If Northern Ireland is kept as a separate entity to the UK, particularly on the Single Market, the door remains open for a re-entry into the EU, something Sir Keir Starmer for Labour relishes, and a vacillating Rishi Sunak, by no means an avid Brexiteer, having a potential for bringing it about through deception and naivety.

To the politically astute, all roads point to a united Ireland which will meet with little resistance from mainland England, especially as guaranteed tax cuts will ensue for the rest of the United Kingdom with relative financial leverage, against a background of a parlous economy.

Look at how empty the House of Commons is when Northern Ireland is debated.

As a teenager in that Province I remember back in 1969 James Callaghan, as home secretary on a fact finding mission to Belfast, telling Ian Paisley that a Westminster government will hand Ulster over to the Republic of Ireland at a future date.

The providential indications are that this is coming to fruition and on this issue Liz Truss will be excused any blame.

David Fleming


Get involved in Creative Awards

The theme of this year’s British Science Week is ‘connections’ and to celebrate the amazing connections and similarities between humans and animals, we have launched our first ever Creative Awards 2023 for all children and young people aged between seven and 18.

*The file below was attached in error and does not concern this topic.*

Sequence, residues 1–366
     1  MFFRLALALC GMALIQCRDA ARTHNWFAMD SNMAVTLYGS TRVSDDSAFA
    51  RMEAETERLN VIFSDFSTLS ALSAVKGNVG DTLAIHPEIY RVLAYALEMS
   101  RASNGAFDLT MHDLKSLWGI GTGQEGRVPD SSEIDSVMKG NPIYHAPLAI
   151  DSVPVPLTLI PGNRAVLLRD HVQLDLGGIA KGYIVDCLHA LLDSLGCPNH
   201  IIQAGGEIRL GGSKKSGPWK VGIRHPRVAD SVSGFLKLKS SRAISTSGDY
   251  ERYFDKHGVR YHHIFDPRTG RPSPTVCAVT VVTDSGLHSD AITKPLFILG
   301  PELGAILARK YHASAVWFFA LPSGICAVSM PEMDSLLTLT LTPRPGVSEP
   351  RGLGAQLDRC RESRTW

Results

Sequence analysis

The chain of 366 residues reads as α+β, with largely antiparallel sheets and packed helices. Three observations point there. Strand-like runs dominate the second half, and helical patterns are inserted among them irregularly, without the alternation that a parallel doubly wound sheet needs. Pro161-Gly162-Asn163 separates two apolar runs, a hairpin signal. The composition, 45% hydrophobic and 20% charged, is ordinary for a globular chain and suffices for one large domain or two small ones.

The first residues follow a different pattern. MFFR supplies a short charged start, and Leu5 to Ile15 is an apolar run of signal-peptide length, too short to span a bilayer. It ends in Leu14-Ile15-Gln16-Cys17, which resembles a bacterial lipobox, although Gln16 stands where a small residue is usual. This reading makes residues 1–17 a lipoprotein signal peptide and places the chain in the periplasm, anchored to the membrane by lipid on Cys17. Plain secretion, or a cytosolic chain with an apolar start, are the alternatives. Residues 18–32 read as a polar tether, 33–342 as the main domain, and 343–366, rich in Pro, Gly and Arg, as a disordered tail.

To enter, we’re asking young people to create a piece of visual art or written work to celebrate the connections between all species.

This can be anything from a short story or poem to artwork, photography or video.

Each entry submitted by March 31 will be judged by a panel consisting of Humanimal Trust’s founder, Professor Noel Fitzpatrick – otherwise known as the ‘Supervet’ – world history author and storyteller, Christopher Lloyd, and publisher and editor-in-chief of What on Earth Books, Nancy Feresten.

The winners from each age category will receive prizes, including a signed copy of Vetman by Professor Noel Fitzpatrick and online shopping vouchers. Local schools and clubs can get involved too.

If any of your readers would like to find out more, they can visit www.humanimaltrust.org.uk

Rachel Jackson

Education Manager, Humanimal Trust